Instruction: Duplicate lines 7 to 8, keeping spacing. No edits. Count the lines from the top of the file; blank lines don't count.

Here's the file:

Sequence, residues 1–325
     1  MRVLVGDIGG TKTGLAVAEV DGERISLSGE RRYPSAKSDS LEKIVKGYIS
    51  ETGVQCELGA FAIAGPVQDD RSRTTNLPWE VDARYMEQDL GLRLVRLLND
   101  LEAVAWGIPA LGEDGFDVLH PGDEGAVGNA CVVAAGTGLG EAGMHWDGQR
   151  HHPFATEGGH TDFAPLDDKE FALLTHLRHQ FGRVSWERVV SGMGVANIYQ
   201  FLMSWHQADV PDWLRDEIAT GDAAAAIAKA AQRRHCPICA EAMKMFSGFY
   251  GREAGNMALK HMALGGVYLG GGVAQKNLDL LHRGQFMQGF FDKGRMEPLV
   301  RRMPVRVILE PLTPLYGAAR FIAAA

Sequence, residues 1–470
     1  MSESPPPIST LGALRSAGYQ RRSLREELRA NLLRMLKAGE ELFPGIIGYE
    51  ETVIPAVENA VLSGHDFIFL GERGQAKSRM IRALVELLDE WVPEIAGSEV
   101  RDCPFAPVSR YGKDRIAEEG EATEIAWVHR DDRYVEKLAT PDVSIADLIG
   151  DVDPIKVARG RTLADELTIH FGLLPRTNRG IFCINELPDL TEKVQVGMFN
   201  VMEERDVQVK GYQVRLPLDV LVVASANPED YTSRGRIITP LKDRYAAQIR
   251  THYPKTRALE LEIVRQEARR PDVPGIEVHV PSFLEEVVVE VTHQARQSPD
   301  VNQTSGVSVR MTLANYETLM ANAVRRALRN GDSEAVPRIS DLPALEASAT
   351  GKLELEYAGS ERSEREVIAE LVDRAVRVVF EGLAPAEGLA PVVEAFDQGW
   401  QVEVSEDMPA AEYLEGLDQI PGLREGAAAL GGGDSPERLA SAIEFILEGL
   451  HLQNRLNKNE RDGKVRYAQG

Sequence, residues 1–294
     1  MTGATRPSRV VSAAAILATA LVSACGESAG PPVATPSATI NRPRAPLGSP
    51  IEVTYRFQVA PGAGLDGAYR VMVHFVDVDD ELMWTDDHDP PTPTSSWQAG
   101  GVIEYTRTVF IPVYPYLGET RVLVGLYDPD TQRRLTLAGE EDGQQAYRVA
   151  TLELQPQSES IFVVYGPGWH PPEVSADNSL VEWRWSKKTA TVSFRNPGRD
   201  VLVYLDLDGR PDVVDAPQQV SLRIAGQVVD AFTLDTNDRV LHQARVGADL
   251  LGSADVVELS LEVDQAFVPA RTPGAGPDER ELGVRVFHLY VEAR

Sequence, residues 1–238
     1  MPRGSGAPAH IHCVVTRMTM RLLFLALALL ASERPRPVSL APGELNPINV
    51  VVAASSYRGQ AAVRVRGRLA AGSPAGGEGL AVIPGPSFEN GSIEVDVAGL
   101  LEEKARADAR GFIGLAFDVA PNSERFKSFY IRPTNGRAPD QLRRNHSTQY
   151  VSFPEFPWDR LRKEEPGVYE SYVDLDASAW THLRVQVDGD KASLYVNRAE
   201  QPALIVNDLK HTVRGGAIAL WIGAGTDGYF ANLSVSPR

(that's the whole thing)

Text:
   251  GREAGNMALK HMALGGVYLG GGVAQKNLDL LHRGQFMQGF FDKGRMEPLV
   301  RRMPVRVILE PLTPLYGAAR FIAAA